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Daughters of the Other Side

Daughters of the Other Side

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By the time Molley Froud Morse turned 18 she had no will to live.

“I was so depressed all the time,” recalls Morse, now 20. “I couldn’t stand to be awake unless I was high.”

Morse grew up in an abusive, drug-infused environment, shuttled from relative to relative. At 15, she gave birth to her daughter, Audri, but lost custody multiple times to other family members and the state of Arkansas. Relatives had her committed to mental institutions twice, and when officials tried to lock her up a third time she fled, spending three months moving from house to house.

Broken, broke, and with nowhere else to go, she started living with a drug-addicted man who beat her repeatedly. She fled his clutches and went to a church, which put her in touch with Sharon Ann Hughes, who had just started Daughters of the Other Side (DOTS), a residential faith-based addiction recovery ministry in Kensett, Arkansas. Morse had become dependent on practically any drug available: methamphetamines, marijuana, alcohol, even cough and cold medicine.

She stayed for a little over a year at DOTS, during which time her life turned around. In a tranquil rather than chaotic environment, she found sobriety.

“Daughters of the Other Side introduced me to Jesus,” Morse says. “For the first time in a really long time I was happy. I didn’t know people could be that happy.”

Morse now is in her second year as a full-time nursing student at Harding University in Searcy, Arkansas. Last May, she married recovered addict Derek Morse, a utility line crew worker. She also has regained joint custody of Audrey.

Morse attends church at Whitney Lane Family Worship Center, an Assemblies of God church in Kensett where DOTS is headquartered.

DOTS, for females ages 17 to 62, started two years ago and is patterned after Adult & Teen Challenge, with 35 women living on campus.

“They become sisters in a hurry,” says Hughes, 59. “Age isn’t a factor that separates. They have a lot in common with the struggle of addiction.”

The intense discipleship program is financed completely by donations from congregations, civic groups, and individuals. DOTS also raises funds through its consignment store, food truck, and T-shirt business. In addition, women might raise donations by everything from baking fudge to whittling wooden crosses.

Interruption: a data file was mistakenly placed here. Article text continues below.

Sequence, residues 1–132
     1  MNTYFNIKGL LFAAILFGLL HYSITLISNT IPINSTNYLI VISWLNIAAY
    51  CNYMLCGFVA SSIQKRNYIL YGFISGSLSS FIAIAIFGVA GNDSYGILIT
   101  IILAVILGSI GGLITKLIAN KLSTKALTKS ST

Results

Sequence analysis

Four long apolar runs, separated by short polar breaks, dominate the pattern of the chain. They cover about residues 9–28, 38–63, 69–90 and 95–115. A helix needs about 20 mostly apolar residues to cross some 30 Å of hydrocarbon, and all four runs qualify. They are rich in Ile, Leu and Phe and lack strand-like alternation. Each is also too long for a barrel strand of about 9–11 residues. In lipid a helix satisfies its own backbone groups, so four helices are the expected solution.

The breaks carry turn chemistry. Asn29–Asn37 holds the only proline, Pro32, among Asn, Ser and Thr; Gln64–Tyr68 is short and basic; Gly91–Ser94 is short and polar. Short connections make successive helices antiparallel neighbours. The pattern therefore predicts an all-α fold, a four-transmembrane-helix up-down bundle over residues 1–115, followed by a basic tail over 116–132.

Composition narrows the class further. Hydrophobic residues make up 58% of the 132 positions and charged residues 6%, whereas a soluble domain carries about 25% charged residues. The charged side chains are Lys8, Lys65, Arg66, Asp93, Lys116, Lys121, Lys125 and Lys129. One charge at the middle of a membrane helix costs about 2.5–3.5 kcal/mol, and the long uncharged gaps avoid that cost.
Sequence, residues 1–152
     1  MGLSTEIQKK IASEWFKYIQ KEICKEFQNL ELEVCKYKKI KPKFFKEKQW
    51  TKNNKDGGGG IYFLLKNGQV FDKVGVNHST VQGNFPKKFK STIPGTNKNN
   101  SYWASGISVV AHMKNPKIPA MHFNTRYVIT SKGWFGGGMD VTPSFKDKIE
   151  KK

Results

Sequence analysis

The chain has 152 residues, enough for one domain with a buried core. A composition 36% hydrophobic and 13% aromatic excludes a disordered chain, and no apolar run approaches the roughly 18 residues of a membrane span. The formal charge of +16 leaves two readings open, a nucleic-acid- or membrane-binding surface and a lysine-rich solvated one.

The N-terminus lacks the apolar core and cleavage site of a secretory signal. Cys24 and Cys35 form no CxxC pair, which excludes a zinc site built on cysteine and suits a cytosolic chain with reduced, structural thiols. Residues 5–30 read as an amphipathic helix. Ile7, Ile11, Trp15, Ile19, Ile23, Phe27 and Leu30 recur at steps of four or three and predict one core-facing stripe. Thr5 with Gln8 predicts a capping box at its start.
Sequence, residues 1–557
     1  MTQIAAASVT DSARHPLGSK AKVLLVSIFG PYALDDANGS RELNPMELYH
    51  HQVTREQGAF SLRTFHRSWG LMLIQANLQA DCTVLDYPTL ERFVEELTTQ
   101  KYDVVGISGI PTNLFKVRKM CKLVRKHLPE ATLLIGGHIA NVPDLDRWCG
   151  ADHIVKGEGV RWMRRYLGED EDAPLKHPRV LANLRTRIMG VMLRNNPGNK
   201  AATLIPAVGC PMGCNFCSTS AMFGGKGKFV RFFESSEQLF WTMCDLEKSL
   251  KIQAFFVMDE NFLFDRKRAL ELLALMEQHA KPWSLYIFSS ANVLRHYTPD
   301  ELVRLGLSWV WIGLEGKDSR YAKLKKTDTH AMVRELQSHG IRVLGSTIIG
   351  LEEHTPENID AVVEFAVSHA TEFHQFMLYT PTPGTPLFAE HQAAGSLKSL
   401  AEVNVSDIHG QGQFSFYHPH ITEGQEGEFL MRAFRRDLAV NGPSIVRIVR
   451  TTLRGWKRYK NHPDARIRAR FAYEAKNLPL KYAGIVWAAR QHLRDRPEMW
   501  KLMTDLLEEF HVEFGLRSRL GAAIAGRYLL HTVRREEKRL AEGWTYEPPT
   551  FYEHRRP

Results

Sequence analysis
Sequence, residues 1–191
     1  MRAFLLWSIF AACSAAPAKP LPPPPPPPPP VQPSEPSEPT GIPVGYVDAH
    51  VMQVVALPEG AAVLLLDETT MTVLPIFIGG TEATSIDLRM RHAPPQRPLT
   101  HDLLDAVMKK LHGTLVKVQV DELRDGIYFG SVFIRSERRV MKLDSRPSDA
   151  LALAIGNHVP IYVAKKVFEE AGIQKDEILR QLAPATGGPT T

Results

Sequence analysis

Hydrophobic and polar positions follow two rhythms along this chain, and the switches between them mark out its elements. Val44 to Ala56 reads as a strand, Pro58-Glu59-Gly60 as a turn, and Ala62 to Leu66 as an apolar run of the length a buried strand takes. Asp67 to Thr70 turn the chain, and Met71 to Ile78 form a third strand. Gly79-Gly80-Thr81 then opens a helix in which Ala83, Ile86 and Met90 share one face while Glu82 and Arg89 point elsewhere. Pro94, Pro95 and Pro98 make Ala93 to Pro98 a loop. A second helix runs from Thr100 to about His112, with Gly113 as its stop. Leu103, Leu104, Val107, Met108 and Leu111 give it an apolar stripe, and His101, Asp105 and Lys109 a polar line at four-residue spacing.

Women pay no tuition. A few give $200 up front to be drug tested. Enrollees are kept busy. Women in the program attend classes four days a week, where Bible study, devotions, and worship are daily occasions.

“The Word of God is our foundation,” Hughes says.

One day a week women work at enterprises such as the DOTS clothing center or a local food bank. On Saturdays, DOTS conducts a chapel service, which relatives of the recovering addicts may visit. A local pastor or lay leader preaches, followed by a time of fellowship and a potluck meal with family members.

On Sundays, DOTS students travel around Arkansas giving their testimonies at churches. Sunday evenings they typically are back for services at Whitney Lane.

For the first six months of the residential program, students must stay on campus. By phase 2, women are permitted to find jobs or attend college. Forty-nine women have graduated from the program, with many of them securing employment and regaining custody of children.

Hughes had an older sister who died of an overdose in 2012.

“Addiction is such a pain to our communities and to families,” Hughes says. “I don’t want to see anyone else lose a sibling or daughter to addiction. We want children to have a sober mama.”

Kaela Cox’s life story is similar to Morse’s and many of the other DOTS graduates. She struggled with an eating disorder, experienced four years of sexual abuse before her teenage years, wallowed in methamphetamine and pain pill dependence, lost custody of her two children, and went from toxic relationship to toxic relationship with men.

“I came to a place where I knew I would either surrender my life to Christ or die in addiction,” says Cox, 26.

Cox entered a different recovery program for women, but stayed only three months when told she couldn’t be reached. She transferred to the newly opened DOTS 2½ years ago.

“Sharon shared the love of God with me,” Cox says. “Here I found my purpose and my identity.”

Cox went to live with her grandmother in kindergarten after the incarceration of both her parents. Despite growing up in turmoil in the family home, Cox managed to stay drug-free through high school. But with no clue about the direction of her life after graduation, she started abusing prescription pain pills and bouncing from one abusive relationship to another.

She gave birth to her daughter, Madyson Grace, 6 years ago, and her son, Jayston Dean, 4 years ago. The state took control of Jayston immediately after his birth, as Kaela by that time had become a meth intravenous addict.

An aunt and uncle adopted her children in May 2018. Cox is able to visit them and hopes her relationship with them will be fully restored.

Cox says the Lord supernaturally delivered her from drug addiction after she came to DOTS.

“God changed my life forever that day,” says Cox, who initially began working in the DOTS thrift store. She later became phase 2 house mom and for the past year-plus has been on staff as phase 1 coordinator.

“This is a discipleship program, not just a rehabilitation program,” says Cox, who just started taking ministry classes from Destiny Leadership Institute. “It’s a sisterhood. The Lord has knitted our hearts together. These are bonds I’ve never had in my life.”

Photo: Sharon Hughes (left) has helped Kaela Cox and many other women at Daughters of the Other Side. 

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